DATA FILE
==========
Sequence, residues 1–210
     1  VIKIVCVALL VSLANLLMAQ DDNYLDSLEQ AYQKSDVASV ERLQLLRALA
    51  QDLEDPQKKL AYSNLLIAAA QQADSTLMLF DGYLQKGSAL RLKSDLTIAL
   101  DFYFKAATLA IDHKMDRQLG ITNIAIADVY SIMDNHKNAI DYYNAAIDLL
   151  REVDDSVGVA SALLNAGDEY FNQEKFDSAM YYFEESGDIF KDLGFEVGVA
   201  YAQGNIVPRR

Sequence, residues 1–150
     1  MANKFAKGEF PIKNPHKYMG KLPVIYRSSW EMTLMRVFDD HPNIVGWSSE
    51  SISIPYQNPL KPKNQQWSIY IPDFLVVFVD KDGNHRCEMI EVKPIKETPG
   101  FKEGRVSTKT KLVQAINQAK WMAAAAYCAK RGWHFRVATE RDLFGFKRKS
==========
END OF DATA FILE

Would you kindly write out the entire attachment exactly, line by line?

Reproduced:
Sequence, residues 1–210
     1  VIKIVCVALL VSLANLLMAQ DDNYLDSLEQ AYQKSDVASV ERLQLLRALA
    51  QDLEDPQKKL AYSNLLIAAA QQADSTLMLF DGYLQKGSAL RLKSDLTIAL
   101  DFYFKAATLA IDHKMDRQLG ITNIAIADVY SIMDNHKNAI DYYNAAIDLL
   151  REVDDSVGVA SALLNAGDEY FNQEKFDSAM YYFEESGDIF KDLGFEVGVA
   201  YAQGNIVPRR

Sequence, residues 1–150
     1  MANKFAKGEF PIKNPHKYMG KLPVIYRSSW EMTLMRVFDD HPNIVGWSSE
    51  SISIPYQNPL KPKNQQWSIY IPDFLVVFVD KDGNHRCEMI EVKPIKETPG
   101  FKEGRVSTKT KLVQAINQAK WMAAAAYCAK RGWHFRVATE RDLFGFKRKS